AIR FORCE ONE, 20th Anniversary Screening
7 p.m. Monday, June 12, 2017
53 Wall Street Auditorium
Introduction and Film Notes by Brian Meacham

Directed by Wolfgang Petersen (1997) 124 mins
Written by Andrew Marlowe
Cinematography by Michael Ballhaus
Starring Harrison Ford, Gary Oldman, Glenn Close, Wendy Crewson, Liesel Matthews, Xander Berkeley, William H. Macy, Dean Stockwell, and J
ürgen Prochnow

In the fall of 2016, the Wall Street Journal ranked “The 44 Fake Presidents from Best to Worst,” and twenty years after he created the role, Harrison Ford’s President James Marshall edged out Jed Bartlett (“The West Wing”), Thomas Whitmore (INDEPENDENCE DAY), and forty-one others as the top fictional president in film and TV. Considered the last (and one of the best) of the ten-year cycle of “DIE HARD on a _____” films that followed that subgenre-defining film’s release in 1988, AIR FORCE ONE (1997) pits the president of the United States against a gang of terrorists onboard the presidential jet. The film is arguably the high water mark of director Wolfgang Petersen’s American period, which began with THE NEVER-ENDING STORY in 1984 and concluded, at least so far, with POSEIDON in 2006. Petersen, born in Emden, Germany, in 1941, began his career directing West German theatrical productions, and worked his way, through several short films in the late 1960s, into television, including a stint directing episodes of the iconic and long-lasting “Tatort,” a German crime series that has been on the air continuously since 1970 and has as of 2017 produced more than 1000 episodes. It was while directing a 1973 episode of the show that he met Jürgen Prochnow, three weeks his junior, with whom Petersen has since worked on two TV shows and four films, including both Petersen’s biggest critical success, DAS BOOT (1981), and tonight’s film, AIR FORCE ONE.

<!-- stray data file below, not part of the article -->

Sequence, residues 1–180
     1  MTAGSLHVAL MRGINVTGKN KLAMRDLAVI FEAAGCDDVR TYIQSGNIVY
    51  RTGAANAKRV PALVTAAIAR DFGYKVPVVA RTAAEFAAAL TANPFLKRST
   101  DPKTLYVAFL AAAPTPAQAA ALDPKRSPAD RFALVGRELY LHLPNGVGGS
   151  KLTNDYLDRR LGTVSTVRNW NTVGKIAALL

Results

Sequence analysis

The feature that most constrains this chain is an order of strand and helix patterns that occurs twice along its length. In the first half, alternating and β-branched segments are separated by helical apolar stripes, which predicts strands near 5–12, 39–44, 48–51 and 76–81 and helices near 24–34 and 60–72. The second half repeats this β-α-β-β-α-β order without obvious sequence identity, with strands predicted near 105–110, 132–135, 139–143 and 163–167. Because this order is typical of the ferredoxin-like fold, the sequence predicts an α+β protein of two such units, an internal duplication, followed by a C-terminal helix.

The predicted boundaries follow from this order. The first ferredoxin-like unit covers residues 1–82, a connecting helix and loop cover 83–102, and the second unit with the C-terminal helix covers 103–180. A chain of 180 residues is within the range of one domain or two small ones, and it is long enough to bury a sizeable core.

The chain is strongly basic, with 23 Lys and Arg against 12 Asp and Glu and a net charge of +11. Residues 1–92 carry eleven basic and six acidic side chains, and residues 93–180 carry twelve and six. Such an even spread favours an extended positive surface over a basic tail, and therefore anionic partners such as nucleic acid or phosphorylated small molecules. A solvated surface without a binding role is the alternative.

DAS BOOT was a phenomenon, spawning multiple releases in theatrical, television, and the home video market, from its original 150 minute cut to a five-hour TV version broadcast in three 100-minute episodes. Nominated for six Academy Awards (still a record for a German film), DAS BOOT propelled Petersen into the ranks of big-budget Hollywood directors, through science fiction (ENEMY MINE in 1985) and suspense (SHATTERED in 1991) to the action realm, where he found his greatest success, beginning with IN THE LINE OF FIRE in 1993.

After DIE HARD but before AIR FORCE ONE, a series of action films pitting a lone hero against long odds in a confined space filled cinema screens, including “DIE HARD in a boarding school” (TOY SOLDIERS), on a battleship (UNDER SIEGE), on a commercial airliner (PASSENGER 57), and in an NHL arena (SUDDEN DEATH). AIR FORCE ONE borrows from the genre, but is also strong enough to stand on its own. While it is a riveting, non-stop action film, AIR FORCE ONE has also been praised for avoiding the habit of some of its contemporaries, including Michael Bay’s THE ROCK (1996) and Simon West’s CON AIR (1997), of slicing its action up with a flurry of impossibly quick cuts. Eric Lichtenfeld, in his book Actions Speak Louder, notes that Petersen presents a climactic scene “over just two shots that run more than fifteen seconds. With a more leisurely pace, Petersen keeps the energy of the action within the frames, rather than simulated by intense editing. This allows the viewer to appreciate the destruction not only as one grand effect, but also as a progression of smaller well-delineated events. Again, Petersen bests directors such as Bay and West, who overcut their catastrophes.”

DID YOU KNOW: Harrison Ford insisted that his co-star Gary Oldman punch him in the face with an actual blow when the script called for it. Oldman was reluctant, but Ford insisted, and when  his face became too swollen, director Petersen had to delay the shooting of certain scenes to allow the swelling to subside. Despite the violence inflicted on his movie star looks, Ford and many of the crew referred to the shoot as "Air Force Fun."

Presented in the Treasures from the Yale Film Archive series with support from Paul L. Joskow '70 M.Phil., '72 Ph.D. Printed Film Notes are distributed to the audience before each Treasures screening.

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Monday, April 10, 2023 - 2:00pm